When Mr. Johnson was brought to trial, he employed Mr. Wallop as his counsel, who urged for his client, that he had offended against no law of the land that the book, taken together, was innocent but that any treatise might be made criminal, if treated as those who drew up the information had treated this. The judges, however, had orders to proceed in the cause, and the chief justice Jeffries upbraided Johnson for meddling wi^tt what did not belong to him, and scoffingly told him, that he would give him a text, which was, “Let every man study to be quiet, and rnmd his own business:” to which Johnson replied, that he did mind his business as an Englishman when he wrote that book. He was condemned, however, in a fine of 500 marks, and committed prisoner to the King’sbench till he should pay it. Here he lay in very necessitous circumstances, it being reckoned criminal to visit or shew him any kindness; so that few had the courage to come near him, or give him any relief; by which means he was reduced very low. Notwithstanding which, when his mother, whom he had maintained for many years, sent to him for subsistence, such was his filial affection, that though he knew not how to supply his own wants, and those of his wife and children, and was told on this occasion, that “charity begins at home,” he sent her forty shillings, though he had but fifty in the world, saying, he would do his duty, and trust Providence for his own supply. The event shewed that his hopes were not vain; for the next morning he received lOl. by an unknown hand, which he discovered at a distant period to have been sent by Dr. Fowler, afterwards bishop of Gloucester.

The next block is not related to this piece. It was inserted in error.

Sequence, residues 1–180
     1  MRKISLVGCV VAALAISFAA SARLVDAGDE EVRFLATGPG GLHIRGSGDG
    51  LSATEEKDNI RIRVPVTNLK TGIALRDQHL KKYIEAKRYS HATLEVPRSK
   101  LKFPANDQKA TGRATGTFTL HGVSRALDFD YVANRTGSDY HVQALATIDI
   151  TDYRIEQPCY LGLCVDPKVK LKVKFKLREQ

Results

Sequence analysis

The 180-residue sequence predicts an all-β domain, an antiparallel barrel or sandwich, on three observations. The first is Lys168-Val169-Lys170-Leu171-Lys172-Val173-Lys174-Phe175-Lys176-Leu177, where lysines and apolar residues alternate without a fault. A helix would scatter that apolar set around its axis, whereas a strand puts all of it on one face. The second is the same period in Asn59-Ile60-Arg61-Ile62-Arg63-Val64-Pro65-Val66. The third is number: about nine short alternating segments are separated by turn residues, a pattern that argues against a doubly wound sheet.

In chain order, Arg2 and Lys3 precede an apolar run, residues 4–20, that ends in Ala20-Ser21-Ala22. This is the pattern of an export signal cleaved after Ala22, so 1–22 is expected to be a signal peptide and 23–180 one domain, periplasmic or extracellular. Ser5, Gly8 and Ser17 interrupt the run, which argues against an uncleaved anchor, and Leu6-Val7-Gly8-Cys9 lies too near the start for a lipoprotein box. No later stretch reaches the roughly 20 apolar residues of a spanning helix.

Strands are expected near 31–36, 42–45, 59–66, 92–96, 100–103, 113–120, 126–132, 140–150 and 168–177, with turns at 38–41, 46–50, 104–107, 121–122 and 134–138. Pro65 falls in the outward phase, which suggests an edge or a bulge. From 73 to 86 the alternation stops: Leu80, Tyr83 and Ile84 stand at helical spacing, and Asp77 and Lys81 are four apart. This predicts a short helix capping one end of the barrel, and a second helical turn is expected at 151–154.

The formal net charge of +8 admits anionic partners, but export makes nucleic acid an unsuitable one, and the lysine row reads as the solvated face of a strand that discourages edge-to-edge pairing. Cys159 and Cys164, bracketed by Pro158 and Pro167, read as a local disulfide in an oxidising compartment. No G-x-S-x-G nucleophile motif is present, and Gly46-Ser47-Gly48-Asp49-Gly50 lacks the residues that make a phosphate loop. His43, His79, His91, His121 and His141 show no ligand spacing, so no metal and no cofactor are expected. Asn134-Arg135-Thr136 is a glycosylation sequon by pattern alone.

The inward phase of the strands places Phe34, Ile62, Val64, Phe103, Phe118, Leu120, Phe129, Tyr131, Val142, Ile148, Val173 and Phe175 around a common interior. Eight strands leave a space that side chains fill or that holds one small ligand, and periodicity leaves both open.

tachment of stores, winch the empress had ordered to be sent to Yakutz, for the use of Mr. Billings, an Englishman, at that time in her service. Thus accommodated,